Business and Commerce

Early Development

What skills did slaves bring to American culture?

Free blacks gave evidence of a fashion industry as early as the 1700s, when Virginian Stephen Jackson made hats of fur and leather. The industry carried over into slavery, however, as slave women worked as seamstresses and embroiderers on large plantations. Some became widely known later on.

The economics of slavery required black labor that went beyond field work and house work and sought craftsmen who were artisans, dressmakers, musicians, barbers, furniture-makers, and brick masons. Once freed, these talented people developed skills that were immediately economically beneficial to them.

Slave narratives, or stories that slaves told about themselves, were the source of much of the early information about African-American businesses during that period. Although the American slave system restricted the life and times of the slave, some were able to operate businesses on the plantation of their master or were hired out for such purposes. When they were able to earn money for their labor, slaves often bought their freedom as well as that of their families and sometimes friends.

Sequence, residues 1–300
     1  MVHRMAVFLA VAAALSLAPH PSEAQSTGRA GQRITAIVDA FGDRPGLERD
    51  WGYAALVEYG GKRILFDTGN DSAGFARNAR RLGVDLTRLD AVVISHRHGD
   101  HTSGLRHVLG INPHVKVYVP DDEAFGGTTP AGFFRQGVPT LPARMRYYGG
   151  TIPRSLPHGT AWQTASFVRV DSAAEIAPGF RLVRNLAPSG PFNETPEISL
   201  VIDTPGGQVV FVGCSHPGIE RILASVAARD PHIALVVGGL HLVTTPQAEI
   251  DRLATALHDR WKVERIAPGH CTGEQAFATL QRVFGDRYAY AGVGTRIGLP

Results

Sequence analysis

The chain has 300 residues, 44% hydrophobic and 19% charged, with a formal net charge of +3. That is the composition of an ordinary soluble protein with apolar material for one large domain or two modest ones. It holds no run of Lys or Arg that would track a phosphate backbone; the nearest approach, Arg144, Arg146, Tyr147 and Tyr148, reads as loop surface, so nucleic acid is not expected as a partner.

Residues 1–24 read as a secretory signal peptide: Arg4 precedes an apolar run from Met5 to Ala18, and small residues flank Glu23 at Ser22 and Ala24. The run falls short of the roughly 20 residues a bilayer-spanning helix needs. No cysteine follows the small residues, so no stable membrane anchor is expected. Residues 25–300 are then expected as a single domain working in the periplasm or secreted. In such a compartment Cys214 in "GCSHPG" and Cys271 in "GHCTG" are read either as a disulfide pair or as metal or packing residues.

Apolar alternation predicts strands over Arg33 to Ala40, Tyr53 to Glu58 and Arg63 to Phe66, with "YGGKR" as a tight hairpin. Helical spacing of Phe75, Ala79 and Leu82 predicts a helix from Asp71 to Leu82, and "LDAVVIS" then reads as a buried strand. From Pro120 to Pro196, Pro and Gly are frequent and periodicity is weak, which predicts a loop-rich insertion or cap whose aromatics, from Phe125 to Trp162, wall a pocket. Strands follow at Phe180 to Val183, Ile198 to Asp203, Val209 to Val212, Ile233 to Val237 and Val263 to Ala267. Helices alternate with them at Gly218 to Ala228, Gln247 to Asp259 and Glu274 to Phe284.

Close

This is a web preview of the "The Handy African American History Answer Book" app. Many features only work on your mobile device. If you like what you see, we hope you will consider buying. Get the App